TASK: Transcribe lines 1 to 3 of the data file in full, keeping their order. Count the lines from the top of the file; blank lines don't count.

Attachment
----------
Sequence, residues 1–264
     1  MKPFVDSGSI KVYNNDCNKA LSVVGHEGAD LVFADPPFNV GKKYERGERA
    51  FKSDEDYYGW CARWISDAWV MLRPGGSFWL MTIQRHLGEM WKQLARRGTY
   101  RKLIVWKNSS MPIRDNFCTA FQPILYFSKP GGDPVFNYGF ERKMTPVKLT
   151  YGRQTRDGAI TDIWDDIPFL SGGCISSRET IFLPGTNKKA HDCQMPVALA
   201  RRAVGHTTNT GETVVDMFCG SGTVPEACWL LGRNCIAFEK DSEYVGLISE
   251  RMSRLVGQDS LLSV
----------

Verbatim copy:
Sequence, residues 1–264
     1  MKPFVDSGSI KVYNNDCNKA LSVVGHEGAD LVFADPPFNV GKKYERGERA
    51  FKSDEDYYGW CARWISDAWV MLRPGGSFWL MTIQRHLGEM WKQLARRGTY